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Setup a Relayhost With Postfix to Send Mail via Sendgrid

In this post we will setup Postfix to Relay Mail through SendGrid and we will also configure the authentication as SendGrid is not an open relay, but you can obtain credentials by signing up with the for a free account to obtain your username and password which will use to relay mail through them.

Access Control on Postfix

For this demonstration we can make use of the mynetworks configuration to specify the cidr of the source which we want to allow clients to be able to relay from. This is a acceptable way of controlling which source addresses you would like to authorize to relay mail via your smtp relay server.

Sendgrid

Sendgrid offers 100 free outbound emails per day, sign up with them via sendgrid.com/free, create a API Key and save your credentials in a safe place.

You first need to verify your account by sending a mail using their API, but it’s step by step so won’t take more than 2 minutes to complete.

Setup Postifx

I will be using ubuntu to setup postfix and configure postfix to specify sendgrid as the relayhost and also configure the authentication for the destination server in question:

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$ apt install postfix libsasl2-modules -y

Configure postfix to relay all outbound mail via sendgrid, enable sasl auth, tls, relayhost etc via /etc/postfix/main.cf. The settings that needs to be set/configured:

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smtp_sasl_auth_enable = yes
smtp_sasl_password_maps = hash:/etc/postfix/sasl_passwd
smtp_sasl_security_options = noanonymous
smtp_sasl_tls_security_options = noanonymous
smtp_tls_security_level = encrypt
header_size_limit = 4096000
relayhost = [smtp.sendgrid.net]:587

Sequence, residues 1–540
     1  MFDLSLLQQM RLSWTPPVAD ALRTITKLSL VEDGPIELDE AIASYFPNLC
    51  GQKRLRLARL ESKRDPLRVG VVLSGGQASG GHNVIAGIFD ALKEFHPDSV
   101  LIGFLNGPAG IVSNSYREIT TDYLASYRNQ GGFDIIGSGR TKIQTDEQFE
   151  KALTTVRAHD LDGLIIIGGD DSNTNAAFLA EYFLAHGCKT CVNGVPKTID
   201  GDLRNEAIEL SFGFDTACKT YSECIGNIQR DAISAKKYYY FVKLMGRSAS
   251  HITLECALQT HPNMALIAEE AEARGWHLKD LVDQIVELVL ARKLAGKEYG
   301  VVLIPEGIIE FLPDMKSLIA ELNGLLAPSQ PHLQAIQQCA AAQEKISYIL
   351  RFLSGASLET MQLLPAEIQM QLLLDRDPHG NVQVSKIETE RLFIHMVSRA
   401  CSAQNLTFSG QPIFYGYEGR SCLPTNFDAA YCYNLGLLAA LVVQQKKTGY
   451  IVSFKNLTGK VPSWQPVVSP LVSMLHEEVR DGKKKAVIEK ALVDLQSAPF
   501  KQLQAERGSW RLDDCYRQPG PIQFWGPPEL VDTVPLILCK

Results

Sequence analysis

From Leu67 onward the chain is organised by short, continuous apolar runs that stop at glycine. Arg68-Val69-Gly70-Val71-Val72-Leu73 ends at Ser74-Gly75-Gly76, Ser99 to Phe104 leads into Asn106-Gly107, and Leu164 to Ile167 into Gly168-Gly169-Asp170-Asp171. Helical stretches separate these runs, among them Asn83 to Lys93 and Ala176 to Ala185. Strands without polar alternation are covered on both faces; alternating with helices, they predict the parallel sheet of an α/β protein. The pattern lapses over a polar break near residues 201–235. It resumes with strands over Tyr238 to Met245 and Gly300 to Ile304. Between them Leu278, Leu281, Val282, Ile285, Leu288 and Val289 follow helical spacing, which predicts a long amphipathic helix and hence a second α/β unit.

mynetworks = /etc/postfix/mynetworks

Create the /etc/postfix/mynetworks file where the whitelisted source addresses will be specified. In our case the loopback address and the class c subnet 10.0.1.0 :

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127.0.0.1/32
10.0.1.0/24

Create the credential file where the credentials for the sendgrid service will be stored, in my case it will be in /etc/postfix/sasl_passwd:

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[smtp.sendgrid.net]:587 your_username:your_password

Apply permissions and update postfix hashtables on the file in question:

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$ chmod 600 /etc/postfix/sasl_passwd
$ postmap /etc/postfix/sasl_passwd

Enable and Start the Service:

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$ systemctl enable postfix
$ systemctl restart postfix

Send a Test Mail

From the server you can test your mail delivery by sending a mail:

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$ echo "the body of the mail" | mail -r user@authenticated-domain.com -s "my subject" recipient-mail@mydomain.com

or using telnet for a remote system:

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$ telnet smtp-server.ip 25
helo admin
mail from: me@mydomain.com
rcpt to: recipient-main@mydomain.com
DATA
Subject: This is a test
From: James John <me@mydomain.com>
To: Peter Smith <recipient-mail@mydomain.com>

ctrl + ]
q

You can monitor /var/log/maillog to see log messages of your email.

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